4 Tips Fitness Trainers Always Give to Their Clients
Whether you’re a veteran yogi, CrossFit evangelist or SoulCycle lover, any fitness fanatic knows that the best workouts tune into what your specific body’s needs are. Listening to your body as you’re moving through a fitness class or routine is just as important as sweating it out.
That especially goes for starting a new workout regime. We chatted with a few fitness trainers to find out what tips they’d give anyone starting from scratch or beginning a new fitness routine—here’s what they said.
Where to Start if You’re Seeking a Trainer or Starting a New Regime
Fitness entrepreneur and personal trainer with more than a decade of in-person training under her belt, Shayna Schmidt says, “The best place to start if you’re thinking about getting a personal trainer or starting a new fitness regime is to simply take action. Make one move towards what you want. Call that trainer who keeps popping up on your Instagram ads. Walk into that gym you pass on your way to work.”
She cites a great quote by Douglas Horton to summarize her point that says, “The best cure for inaction is action. Action cures fear inaction creates terror.” Sometimes getting started feels overwhelming and ends up becoming the hardest part. If you can just get yourself moving, make yourself take that first step, the rest feels easier.
Wanda Perkins, certified personal trainer on Livekick.com, adds, “A lot of people end up waiting for the ‘perfect time’ to get started with their health, nutrition and fitness. But this all-or-nothing thinking usually gets us nothing at all.” Procrastination is a way for us to avoid doing the work—perhaps due to perfectionism, or out of a fear of failure. Ultimately, there is no perfect time and there never will be. That perfect moment is now. Go seize it!
In terms of starting a new fitness regime, Wanda, Shayna and Ethan Connellan, a certified personal trainer from the heart of Cape Town, South Africa, all recommend enlisting the help of a fitness professional. Ethan notes, “If you don’t know where to start or how to craft yourself an exercise program to get you to your goals, then you likely won’t ever achieve those goals.”
Exercises that are geared towards your body type, your conditions and exactly what you want are crucial for your success. And if you’re taking yourself to the gym and simply wandering around without accomplishing much because you don’t know what to do, that probably won’t make you want to keep coming back.
Four Tips for Starting a New Fitness Routine
Ethan says that fitness comes in many forms, and has the potential to suit any individual and make a positive impact on your life. Along with Shayna and Wanda, he put together four tips for anyone looking to begin a new fitness routine, whether you work with a personal trainer or not.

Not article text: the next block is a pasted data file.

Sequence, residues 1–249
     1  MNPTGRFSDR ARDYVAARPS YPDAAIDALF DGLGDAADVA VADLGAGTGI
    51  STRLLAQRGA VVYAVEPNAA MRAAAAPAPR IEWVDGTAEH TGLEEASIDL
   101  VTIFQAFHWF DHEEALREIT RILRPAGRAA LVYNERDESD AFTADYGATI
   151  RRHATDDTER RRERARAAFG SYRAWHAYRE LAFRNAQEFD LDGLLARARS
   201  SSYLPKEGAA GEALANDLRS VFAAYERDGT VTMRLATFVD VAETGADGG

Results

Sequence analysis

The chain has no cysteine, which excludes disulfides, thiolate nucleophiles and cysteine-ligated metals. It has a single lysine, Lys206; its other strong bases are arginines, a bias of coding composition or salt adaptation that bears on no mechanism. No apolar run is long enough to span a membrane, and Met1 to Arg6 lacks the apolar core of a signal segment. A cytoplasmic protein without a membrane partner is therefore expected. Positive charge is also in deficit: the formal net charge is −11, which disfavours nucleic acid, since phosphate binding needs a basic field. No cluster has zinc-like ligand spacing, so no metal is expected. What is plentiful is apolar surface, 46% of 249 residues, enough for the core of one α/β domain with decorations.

1. Be specific about your goals.
Ethan states that fitness and health goals (and all goals, really) should always be S.M.A.R.T. (specific, measurable, achievable, relevant and time-bound). “A good goal can be measured and is specific enough to direct your focus on the change that’s most needed or important to you,” he says. Declaring “I want to feel good” doesn’t really give you anything measurable or specific to work on. However, stating that you want to lose 15 pounds, or be able to squat double your bodyweight, those are goals that are specific to one area of improvement, and they are measurable.
2. One behavior at a time.
Goals must be big enough to inspire you, but not so big that you get frustrated with the impossibility of accomplishing them. Shayna says, “Don’t set yourself up by failure by demanding that you do a HIIT session every single day and only eat chicken, broccoli, sweet potatoes and coconut oil right out of the gate. We’re humans, not robots: we cannot be entirely reprogrammed in a day.”
She recommends conquering one “behavior” at a time, tackling whatever is easiest for you first. Week one’s goal might be to walk to work at least two out of five days. Week two’s goal might be to strive for an additional 30 minutes of sleep on at least two nights. Week three’s might be the first two-plus drinking an additional liter of water per day. You get the picture. Shayna emphasized that the most important change is a lifestyle change, not a quick fix, and says, “Be patient with yourself and also realistic with yourself.”
3. Plan ahead.
Whether it’s what workout you’re going to do at the gym tomorrow or what you’re going to eat for dinner, the classic phrase is a classic for a reason: “If you fail to prepare, you prepare to fail.” Wanda says, “Activities like meal prepping, planning out your week of workouts, and more can all save you time, money, and frustration.” She recommends investing in good kitchen equipment like a slow cooker or an Instant Pot, sharp knives and lots of food storage containers. Buy a workout journal. Download an app like MyFitnessPal or Livekick. Invest in a personal trainer, even for just a couple session. Strategize how you can make your goals fit into your lifestyle.
4. Tell someone about your intentions.
Ethan says, “Once you set out to accomplish something, it’s helpful to tell someone about it and ask that person to hold you accountable! Whether it’s your fitness trainer or your mom, if you’ve got someone holding you accountable to a high standard, you’re more likely to get it done.” If a goal is a secret, it’s pretty easy to blow off. Just like it’s pretty easy to blow off that workout you said you were going to do if someone isn’t there to be sure you show up. When creating a new habit in your life, it’s easier at first to have an external factor holding you accountable.
Interested in starting a new routine? Here’s how to start a HIIT routine today.
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